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PIF and BlackRock crowned world’s most valuable sovereign wealth fund and asset management brands

29 May 2024
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Brand Finance launches world’s first global ranking of brand strength and brand value of asset managers and sovereign wealth funds  

  • American asset managers dominate, with BlackRock, JP Morgan Asset Management, and Vanguard among top five strongest and most valuable asset management brands
  • PIF ranked most valuable sovereign wealth fund brand, with trust and stability highlighted
  • Abu Dhabi Investment Authority and PIF emerge as strongest sovereign wealth fund brands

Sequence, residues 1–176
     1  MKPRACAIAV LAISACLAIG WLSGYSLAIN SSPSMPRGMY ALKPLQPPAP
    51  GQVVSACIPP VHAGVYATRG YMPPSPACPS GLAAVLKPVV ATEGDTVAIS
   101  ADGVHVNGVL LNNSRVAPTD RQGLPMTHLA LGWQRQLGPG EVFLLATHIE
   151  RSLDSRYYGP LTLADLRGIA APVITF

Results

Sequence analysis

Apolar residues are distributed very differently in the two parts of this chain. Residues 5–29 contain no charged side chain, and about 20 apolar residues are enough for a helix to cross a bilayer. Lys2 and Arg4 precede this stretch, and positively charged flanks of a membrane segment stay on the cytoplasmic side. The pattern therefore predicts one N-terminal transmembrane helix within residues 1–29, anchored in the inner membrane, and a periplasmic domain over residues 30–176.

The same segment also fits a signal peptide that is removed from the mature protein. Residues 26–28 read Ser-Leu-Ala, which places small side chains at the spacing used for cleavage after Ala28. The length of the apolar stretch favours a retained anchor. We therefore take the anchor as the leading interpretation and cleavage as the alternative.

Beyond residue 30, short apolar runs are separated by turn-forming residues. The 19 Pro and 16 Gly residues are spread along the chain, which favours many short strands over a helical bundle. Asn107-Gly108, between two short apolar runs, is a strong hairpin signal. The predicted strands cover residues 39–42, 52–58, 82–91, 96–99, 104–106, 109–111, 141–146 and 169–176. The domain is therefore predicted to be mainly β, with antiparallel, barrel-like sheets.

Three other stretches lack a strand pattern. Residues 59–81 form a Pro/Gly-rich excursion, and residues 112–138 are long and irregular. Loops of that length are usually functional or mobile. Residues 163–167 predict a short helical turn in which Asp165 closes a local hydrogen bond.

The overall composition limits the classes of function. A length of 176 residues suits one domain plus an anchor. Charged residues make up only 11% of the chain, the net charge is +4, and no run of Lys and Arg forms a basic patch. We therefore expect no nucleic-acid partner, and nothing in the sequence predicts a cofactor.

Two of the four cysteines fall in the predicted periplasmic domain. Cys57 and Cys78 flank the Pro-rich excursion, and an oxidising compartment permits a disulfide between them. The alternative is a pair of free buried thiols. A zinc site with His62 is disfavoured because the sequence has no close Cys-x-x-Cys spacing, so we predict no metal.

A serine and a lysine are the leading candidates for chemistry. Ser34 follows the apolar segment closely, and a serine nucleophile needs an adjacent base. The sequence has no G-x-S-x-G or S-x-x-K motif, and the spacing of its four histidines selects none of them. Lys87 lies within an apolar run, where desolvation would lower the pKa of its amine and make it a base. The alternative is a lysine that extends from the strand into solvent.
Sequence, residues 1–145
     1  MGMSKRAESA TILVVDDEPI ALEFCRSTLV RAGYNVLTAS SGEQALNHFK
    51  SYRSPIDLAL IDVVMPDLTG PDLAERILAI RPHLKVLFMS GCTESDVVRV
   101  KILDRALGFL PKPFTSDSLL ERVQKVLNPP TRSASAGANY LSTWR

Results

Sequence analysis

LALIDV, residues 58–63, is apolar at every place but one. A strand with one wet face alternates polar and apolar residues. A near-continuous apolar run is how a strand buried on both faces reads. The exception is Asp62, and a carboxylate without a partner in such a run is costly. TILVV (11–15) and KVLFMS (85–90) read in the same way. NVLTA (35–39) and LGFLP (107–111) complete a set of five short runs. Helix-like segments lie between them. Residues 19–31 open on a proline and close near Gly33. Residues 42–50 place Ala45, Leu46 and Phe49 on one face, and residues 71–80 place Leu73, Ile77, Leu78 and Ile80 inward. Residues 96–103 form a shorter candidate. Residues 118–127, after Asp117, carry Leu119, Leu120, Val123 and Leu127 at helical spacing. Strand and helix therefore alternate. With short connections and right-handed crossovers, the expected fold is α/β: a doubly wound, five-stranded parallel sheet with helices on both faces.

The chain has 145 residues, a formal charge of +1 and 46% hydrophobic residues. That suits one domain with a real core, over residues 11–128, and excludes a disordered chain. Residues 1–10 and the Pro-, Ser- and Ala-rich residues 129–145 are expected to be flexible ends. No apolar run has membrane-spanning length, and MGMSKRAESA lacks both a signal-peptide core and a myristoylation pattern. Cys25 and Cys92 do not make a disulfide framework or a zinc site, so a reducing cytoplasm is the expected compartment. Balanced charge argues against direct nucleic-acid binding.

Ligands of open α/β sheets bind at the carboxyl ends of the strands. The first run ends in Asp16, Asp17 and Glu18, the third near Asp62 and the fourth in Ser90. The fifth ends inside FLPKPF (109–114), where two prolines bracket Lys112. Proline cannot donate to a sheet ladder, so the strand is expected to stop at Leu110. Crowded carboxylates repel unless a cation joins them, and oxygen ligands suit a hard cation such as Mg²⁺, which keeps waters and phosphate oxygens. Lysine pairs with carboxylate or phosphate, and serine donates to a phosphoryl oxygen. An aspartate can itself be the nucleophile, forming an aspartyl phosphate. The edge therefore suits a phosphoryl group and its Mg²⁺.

LONDON, 29 May 2024 -- BlackRock is crowned the world’s most valuable asset management (AM) brand, with a brand value of just over $7 billion, and PIF is the most valuable sovereign wealth fund (SWF), according to new data from Brand Finance. Robust revenue growth and innovation have fuelled BlackRock’s brand value, while PIF leads among SWFs driven by its investment strategy, trust in its name, brand awareness, and for being a catalyst for advancement.

BlackRock’s high place in the rankings is underpinned by its forward-thinking approach in technology and sustainability, which attracts clients and drives market evolution. BlackRock’s diverse product offerings have significantly contributed to its market position, securing its status as the leading AM globally.

PIF has the single most valuable brand name among the world’s SWFs; valued at $1.1 billion and among all AM firms, ranked sixth in brand value to assets under management ratio.